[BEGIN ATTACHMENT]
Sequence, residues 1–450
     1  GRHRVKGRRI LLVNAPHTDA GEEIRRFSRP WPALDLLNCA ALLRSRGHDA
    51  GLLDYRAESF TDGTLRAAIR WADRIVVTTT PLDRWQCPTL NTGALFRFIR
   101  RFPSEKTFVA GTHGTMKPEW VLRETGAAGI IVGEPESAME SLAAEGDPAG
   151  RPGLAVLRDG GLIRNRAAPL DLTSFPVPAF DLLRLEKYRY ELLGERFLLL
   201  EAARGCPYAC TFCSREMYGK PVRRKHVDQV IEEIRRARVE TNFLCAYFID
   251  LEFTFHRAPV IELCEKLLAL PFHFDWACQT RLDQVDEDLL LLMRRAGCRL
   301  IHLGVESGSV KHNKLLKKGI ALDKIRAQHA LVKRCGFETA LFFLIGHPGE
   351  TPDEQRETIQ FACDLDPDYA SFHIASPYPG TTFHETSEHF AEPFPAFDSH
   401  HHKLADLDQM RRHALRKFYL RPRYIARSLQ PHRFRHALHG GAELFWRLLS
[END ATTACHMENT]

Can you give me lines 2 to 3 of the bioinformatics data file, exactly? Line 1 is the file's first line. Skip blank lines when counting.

     1  GRHRVKGRRI LLVNAPHTDA GEEIRRFSRP WPALDLLNCA ALLRSRGHDA
    51  GLLDYRAESF TDGTLRAAIR WADRIVVTTT PLDRWQCPTL NTGALFRFIR